Document - English speaking Caribbean: Privy Council decision a welcome step towards an end to the death penalty
11 March 2002
AI Index AMR 05/004/2002 - News Service Nr 43.
English speaking Caribbean: Privy Council decision a welcome step towards an end to the death penalty
In a decision announced today, the Judicial Committee of the Privy Council (JCPC) upheld a ruling that the mandatory death penalty is in violation of the constitutions of seven island states.
“This ruling strikes down the current laws allowing for the imposition of the death penalty in St Vincent and the Grenadines, St Lucia, Grenada, St Kitts Nevis, Dominica, Belize and Antigua and Barbuda. It is a welcome step towards an execution free Caribbean” Amnesty International said today.
The JCPC, citing numerous international standards and other court decisions pertaining to the imposition of the death penalty, unanimously ruled that:
“To deny the offender the opportunity, before sentence is passed, to seek to persuade the court that in all the circumstances to condemn him to death would be disproportionate and inappropriate is to treat him as no human being should be treated and thus to deny his basic humanity.”
In its decision, the JCPC ruled that such treatment was in violation of the constitution of Belize (and therefore the other countries with similar clauses in their constitutions) not to be subjected to “inhuman and degrading punishment or other treatment”.
Amnesty International urges the governments of the English speaking Caribbean to use this opportunity to examine their support for the death penalty and to question closely whether it plays any useful role in society. We acknowledge the appalling level of violent crime suffered by many of the communities they represent but contend that executions achieve nothing in lessening the number of victims and may even increase the level of violence in society.
“As an organization working for the victims of human rights abuses, Amnesty International offers its sympathy to the victims of violent crime and their loved ones. The ruling creates an opportunity for the authorities to cease exploiting public anger around the issue of violent crime into support for the death penalty and to look to truly effective methods of crime prevention”.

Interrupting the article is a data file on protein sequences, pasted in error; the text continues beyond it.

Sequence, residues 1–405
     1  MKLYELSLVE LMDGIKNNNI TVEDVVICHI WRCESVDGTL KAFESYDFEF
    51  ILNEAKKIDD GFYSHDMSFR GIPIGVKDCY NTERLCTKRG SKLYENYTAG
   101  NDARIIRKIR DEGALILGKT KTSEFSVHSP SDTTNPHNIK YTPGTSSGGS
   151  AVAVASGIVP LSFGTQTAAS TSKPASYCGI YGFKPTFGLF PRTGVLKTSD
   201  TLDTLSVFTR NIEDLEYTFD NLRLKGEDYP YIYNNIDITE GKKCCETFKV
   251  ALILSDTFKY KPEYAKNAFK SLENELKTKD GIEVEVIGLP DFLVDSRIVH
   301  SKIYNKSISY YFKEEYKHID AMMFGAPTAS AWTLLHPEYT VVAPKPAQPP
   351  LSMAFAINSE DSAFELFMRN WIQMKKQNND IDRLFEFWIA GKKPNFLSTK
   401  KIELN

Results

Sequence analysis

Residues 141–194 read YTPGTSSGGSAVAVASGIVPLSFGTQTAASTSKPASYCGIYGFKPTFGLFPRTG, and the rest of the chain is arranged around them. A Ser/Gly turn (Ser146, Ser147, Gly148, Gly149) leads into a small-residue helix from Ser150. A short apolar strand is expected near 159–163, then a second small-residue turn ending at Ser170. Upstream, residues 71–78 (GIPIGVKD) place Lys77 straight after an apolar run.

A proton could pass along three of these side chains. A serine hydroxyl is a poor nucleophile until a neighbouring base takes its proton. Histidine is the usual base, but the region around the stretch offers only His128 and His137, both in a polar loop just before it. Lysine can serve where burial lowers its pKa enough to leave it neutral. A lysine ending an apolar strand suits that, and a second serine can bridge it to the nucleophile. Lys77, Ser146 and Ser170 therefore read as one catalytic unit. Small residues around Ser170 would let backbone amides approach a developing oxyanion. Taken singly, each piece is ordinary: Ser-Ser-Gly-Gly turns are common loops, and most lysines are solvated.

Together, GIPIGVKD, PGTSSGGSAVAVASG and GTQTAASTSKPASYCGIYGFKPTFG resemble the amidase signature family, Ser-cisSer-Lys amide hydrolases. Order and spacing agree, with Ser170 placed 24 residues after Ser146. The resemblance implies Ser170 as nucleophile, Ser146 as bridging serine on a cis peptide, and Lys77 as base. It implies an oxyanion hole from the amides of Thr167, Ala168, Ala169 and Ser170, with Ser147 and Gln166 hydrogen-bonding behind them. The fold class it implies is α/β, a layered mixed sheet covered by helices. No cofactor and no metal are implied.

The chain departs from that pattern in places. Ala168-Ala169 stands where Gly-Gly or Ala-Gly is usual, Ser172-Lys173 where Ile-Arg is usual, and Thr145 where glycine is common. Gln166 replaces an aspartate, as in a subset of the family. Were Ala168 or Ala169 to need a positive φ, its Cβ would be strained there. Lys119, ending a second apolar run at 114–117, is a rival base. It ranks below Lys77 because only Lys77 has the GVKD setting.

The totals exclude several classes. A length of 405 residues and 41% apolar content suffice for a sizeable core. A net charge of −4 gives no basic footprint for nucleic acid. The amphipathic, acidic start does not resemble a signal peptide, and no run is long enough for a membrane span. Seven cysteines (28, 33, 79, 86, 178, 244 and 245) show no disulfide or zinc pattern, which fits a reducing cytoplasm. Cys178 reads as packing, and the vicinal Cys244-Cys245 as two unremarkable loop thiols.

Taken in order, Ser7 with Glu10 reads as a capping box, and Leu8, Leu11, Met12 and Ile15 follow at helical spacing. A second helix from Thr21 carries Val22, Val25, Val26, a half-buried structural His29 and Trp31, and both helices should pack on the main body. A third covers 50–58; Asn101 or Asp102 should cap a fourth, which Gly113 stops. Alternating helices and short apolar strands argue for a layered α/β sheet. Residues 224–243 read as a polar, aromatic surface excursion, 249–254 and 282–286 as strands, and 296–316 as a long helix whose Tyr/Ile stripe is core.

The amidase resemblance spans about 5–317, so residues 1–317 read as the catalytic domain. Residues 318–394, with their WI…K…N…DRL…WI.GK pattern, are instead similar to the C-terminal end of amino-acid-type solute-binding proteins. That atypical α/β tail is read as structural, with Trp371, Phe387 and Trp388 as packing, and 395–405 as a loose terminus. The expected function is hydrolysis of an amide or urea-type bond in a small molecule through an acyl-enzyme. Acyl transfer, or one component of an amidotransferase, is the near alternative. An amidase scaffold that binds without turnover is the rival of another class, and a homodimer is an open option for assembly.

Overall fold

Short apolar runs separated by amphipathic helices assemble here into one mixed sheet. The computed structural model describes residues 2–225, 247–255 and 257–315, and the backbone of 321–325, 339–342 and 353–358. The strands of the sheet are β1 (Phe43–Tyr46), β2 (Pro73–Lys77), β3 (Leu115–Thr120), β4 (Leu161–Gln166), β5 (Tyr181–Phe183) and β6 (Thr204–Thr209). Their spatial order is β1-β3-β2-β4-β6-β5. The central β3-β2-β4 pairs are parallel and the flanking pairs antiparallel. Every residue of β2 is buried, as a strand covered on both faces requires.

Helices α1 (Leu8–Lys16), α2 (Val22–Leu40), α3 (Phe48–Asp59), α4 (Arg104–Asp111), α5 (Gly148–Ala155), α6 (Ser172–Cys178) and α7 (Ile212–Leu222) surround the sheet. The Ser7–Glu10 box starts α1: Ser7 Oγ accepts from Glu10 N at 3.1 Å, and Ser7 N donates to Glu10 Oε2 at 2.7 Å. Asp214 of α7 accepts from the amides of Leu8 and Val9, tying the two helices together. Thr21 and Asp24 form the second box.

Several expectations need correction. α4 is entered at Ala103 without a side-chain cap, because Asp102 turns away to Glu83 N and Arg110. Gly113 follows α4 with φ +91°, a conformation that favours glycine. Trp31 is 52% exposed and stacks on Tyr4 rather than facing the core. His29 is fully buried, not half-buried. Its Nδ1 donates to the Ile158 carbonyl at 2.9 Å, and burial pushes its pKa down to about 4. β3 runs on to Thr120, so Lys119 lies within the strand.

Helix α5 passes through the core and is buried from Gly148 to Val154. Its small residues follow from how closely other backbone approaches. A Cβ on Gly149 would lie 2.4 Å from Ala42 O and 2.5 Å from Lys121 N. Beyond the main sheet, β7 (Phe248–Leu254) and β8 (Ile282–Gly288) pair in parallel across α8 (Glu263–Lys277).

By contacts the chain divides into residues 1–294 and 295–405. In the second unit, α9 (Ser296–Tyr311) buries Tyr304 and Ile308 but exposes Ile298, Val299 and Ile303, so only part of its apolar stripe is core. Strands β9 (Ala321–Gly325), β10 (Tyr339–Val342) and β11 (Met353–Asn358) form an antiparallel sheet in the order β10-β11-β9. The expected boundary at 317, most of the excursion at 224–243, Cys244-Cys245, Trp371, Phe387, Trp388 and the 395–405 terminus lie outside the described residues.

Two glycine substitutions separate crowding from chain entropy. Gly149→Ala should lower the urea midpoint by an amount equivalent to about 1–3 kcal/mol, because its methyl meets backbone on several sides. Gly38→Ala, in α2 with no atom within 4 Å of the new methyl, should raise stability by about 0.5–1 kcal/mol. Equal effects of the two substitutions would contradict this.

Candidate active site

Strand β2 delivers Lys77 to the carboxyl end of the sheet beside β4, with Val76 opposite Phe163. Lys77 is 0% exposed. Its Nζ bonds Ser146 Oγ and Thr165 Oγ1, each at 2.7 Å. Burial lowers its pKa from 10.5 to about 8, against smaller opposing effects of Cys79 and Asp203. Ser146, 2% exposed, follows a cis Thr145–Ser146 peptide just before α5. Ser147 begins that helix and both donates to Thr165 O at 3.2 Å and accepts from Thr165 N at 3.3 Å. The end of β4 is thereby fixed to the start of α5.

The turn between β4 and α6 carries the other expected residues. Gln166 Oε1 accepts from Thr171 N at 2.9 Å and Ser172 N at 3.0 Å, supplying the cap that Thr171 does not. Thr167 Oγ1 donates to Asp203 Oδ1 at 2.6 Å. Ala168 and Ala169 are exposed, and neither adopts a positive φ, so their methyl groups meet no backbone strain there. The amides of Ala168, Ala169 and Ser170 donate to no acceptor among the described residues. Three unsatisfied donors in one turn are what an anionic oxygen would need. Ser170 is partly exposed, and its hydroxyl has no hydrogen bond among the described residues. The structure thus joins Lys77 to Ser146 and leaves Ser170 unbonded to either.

Five nations of the English speaking Caribbean will continue to hold prisoners under sentence of death: Jamaica, the Bahamas, Barbados, Guyana and Trinidad and Tobago.
“Jamaica, the Bahamas, Barbados, Guyana and Trinidad and Tobago are now among a tiny minority of nations that inflict a mandatory death sentence for certain types of murder. Amnesty International very much hopes they will alter their laws in line with this decision as a first step towards abolishing the outdated and inhumane punishment of hanging” Amnesty International added.
The issue of the mandatory nature of the death penalty in Jamaica, the Bahamas, Barbados and Trinidad and Tobago will be before the courts in the near future.
The trend towards restriction in the use of the death penalty is evident from recent decisions by both US and Indian courts as well as from recent decisions of the Inter-American Court on Human Rights (IACHR) and the UN Human Rights Commission. The IACHR has held that the failure to consider individual circumstances when imposing the death sentence violates the ban on torture and cruel, inhuman, or degrading punishment or treatment provided for in the Inter-American Convention on Human Rights.
The government of St. Lucia was appealing the judgment of the Eastern Caribbean Court in the case of Peter Hughes. There were further interventions from the governments of Grenada, Antigua & Barbuda and St. Vincent and the Grenadines and separate appeals relating to Belize and St. Kitts. The last execution in St. Lucia was on 17 October 1995, when Joseph Soloman was hanged.
The Eastern Caribbean Court of Appeal adjudicates on criminal and civil appeals in St Lucia, St Kitts, St Vincent, Grenada, Antigua and Barbuda, Belize and Dominica. The Judicial Committee of the Privy Council, located in England, is currently the region's highest court of appeal
For more information please call Amnesty International's press office in London, UK, on +44 20 7413 5566
Amnesty International, 1 Easton St., London WC1X 0DW web : http://www.amnesty.org